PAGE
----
INDIA'S ECONOMIC TRANSITION: THE POLITICS OF REFORMS, CRITICAL ISSUES IN INDIAN POLITICS
Rahul Mukherji, New Delhi: Oxford University Press, 2007
This reader, the third in the Critical Issues in Indian Politics series, discusses the politics and economics behind liberalization, and the impact of reforms on the political economy of India. In a crisp yet comprehensive introduction, the editor analyses state-market relations in India from 1947 to the late 1980s, placing the reforms in context.
One of the first of its kind on the political economy of reforms, this book addresses such questions as: Why did policy change occur? How was the political economy overturned? How was Indian private capital allowed to play a significant role in development in a democratic polity? What were the consequences? What was the nature of reforms after 1991? And how were the structural changes sustained?
Key contributions from Ashutosh Varshney, Jagdish Bhagwati, Montek Singh Ahluwalia, Lloyd and Susanne Rudolph, Baldev Raj Nayar, Prabhat Patnaik, and Rob Jenkins among others, focus on significant features of the post-reform era: the new politics of regulations governing markets in areas like telecommunications, power and the stock market, industrial lobbying, trade unionism and its failure to incorporate the unorganised sector, and the curious mix of costs and benefits from the rise of the IT sector.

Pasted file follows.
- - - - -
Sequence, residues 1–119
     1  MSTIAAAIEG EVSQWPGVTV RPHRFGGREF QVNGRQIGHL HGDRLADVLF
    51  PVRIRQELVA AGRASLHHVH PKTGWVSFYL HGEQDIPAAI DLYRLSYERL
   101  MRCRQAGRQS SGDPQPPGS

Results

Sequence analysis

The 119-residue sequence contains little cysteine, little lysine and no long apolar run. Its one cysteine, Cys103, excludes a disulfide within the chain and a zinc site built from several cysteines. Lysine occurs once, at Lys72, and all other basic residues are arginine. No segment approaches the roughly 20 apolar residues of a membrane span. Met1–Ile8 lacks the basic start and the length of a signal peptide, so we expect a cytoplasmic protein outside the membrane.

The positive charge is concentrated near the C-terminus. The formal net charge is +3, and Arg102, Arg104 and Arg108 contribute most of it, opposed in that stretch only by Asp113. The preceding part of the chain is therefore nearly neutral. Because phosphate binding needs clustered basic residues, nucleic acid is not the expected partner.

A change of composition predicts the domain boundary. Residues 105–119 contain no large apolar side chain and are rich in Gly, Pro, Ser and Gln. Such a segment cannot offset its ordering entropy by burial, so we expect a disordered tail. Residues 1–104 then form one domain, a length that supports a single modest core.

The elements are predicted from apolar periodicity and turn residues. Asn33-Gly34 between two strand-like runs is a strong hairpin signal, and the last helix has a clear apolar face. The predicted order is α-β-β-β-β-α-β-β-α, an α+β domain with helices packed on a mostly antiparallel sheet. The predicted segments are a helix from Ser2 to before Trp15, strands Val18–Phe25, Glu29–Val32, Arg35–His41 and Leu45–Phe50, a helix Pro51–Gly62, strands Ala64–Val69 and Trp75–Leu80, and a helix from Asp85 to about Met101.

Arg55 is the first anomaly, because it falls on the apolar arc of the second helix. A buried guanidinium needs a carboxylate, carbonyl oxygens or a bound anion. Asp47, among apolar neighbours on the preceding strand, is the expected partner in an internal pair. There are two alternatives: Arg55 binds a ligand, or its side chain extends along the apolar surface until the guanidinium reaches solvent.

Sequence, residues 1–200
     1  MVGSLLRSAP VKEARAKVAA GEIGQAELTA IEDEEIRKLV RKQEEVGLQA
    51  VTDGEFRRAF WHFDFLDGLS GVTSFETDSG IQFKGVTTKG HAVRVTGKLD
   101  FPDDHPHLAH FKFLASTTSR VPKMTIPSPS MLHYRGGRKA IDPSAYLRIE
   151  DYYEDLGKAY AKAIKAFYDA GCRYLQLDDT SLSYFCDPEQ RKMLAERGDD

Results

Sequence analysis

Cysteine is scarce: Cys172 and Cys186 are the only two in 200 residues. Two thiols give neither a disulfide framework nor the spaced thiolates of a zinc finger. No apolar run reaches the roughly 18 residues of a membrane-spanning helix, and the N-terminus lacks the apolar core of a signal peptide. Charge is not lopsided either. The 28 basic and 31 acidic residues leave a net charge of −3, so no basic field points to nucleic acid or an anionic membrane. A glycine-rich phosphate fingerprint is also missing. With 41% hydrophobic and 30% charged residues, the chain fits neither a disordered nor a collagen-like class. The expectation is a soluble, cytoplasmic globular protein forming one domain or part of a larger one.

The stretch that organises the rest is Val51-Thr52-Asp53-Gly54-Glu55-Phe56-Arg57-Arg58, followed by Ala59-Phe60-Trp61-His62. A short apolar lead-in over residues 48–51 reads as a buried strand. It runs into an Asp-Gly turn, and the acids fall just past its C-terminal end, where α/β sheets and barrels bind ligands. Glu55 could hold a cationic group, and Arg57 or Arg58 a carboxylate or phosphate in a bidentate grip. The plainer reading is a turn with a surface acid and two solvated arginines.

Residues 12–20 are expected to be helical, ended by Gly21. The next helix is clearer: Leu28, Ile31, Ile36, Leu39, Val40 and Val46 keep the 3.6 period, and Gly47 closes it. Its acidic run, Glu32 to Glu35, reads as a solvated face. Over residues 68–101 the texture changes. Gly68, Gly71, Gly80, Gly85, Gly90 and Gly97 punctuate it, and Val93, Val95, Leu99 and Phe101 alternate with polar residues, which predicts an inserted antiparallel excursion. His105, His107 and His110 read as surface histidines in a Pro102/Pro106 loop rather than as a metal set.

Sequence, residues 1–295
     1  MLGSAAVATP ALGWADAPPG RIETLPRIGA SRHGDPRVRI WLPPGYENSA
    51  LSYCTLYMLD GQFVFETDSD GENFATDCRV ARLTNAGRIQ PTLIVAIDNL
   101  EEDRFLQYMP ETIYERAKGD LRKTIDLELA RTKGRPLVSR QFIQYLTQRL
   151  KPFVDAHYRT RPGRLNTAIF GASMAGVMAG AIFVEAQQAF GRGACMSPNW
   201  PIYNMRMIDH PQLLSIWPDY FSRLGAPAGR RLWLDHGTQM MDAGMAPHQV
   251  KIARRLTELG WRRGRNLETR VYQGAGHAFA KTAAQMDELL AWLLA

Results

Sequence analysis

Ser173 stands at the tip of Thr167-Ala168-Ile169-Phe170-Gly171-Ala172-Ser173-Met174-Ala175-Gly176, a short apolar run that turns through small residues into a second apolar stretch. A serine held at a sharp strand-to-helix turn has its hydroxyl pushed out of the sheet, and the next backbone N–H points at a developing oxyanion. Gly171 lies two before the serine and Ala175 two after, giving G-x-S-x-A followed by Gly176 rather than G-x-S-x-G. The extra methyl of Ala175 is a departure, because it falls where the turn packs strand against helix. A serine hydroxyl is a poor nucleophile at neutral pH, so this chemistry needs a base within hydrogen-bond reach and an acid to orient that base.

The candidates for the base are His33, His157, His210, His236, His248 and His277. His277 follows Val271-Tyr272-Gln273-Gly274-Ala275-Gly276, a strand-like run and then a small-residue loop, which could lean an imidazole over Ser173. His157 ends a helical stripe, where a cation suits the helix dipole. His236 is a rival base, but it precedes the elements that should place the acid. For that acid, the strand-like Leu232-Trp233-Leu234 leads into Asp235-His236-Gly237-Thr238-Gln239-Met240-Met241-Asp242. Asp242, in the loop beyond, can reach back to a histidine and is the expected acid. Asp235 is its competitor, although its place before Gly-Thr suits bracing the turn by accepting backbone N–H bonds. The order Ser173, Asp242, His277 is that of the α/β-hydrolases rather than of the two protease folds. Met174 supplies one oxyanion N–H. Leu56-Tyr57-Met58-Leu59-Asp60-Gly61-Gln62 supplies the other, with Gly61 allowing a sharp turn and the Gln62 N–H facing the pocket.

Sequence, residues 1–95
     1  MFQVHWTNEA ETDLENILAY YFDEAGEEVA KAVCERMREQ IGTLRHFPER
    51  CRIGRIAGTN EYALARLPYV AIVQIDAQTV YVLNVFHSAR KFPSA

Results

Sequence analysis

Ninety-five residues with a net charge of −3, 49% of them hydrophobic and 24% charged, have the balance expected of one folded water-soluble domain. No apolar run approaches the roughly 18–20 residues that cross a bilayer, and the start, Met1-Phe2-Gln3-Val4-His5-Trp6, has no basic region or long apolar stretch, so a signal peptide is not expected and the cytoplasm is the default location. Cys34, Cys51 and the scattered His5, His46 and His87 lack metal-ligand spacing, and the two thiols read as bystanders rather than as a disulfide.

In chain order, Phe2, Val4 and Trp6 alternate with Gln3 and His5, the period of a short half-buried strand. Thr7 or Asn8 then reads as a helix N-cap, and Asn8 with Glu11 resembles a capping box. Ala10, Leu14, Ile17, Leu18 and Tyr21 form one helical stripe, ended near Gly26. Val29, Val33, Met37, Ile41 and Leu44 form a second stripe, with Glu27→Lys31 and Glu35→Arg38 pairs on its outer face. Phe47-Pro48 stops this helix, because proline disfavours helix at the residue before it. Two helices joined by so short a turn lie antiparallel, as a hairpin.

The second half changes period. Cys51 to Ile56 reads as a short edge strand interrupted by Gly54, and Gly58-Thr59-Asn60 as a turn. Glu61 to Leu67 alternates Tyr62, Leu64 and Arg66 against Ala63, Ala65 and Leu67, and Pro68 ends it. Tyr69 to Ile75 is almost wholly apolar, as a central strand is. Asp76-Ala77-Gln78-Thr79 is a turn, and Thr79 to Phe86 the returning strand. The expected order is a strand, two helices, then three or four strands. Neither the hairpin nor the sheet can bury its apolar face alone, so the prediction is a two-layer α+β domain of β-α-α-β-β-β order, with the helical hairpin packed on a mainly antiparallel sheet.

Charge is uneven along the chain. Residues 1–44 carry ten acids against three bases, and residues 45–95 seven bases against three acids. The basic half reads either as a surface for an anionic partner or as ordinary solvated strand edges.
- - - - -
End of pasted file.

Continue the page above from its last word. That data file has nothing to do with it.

The contributors also caution the globalising state against social disruption, and advocate an inclusive political economy of development. They highlight how society and politics are as important as economics to get around bottlenecks in growth and redistribution.
This collection of new and updated essays will be of value to students and scholars of Indian politics and economics, administrators and policy-makers.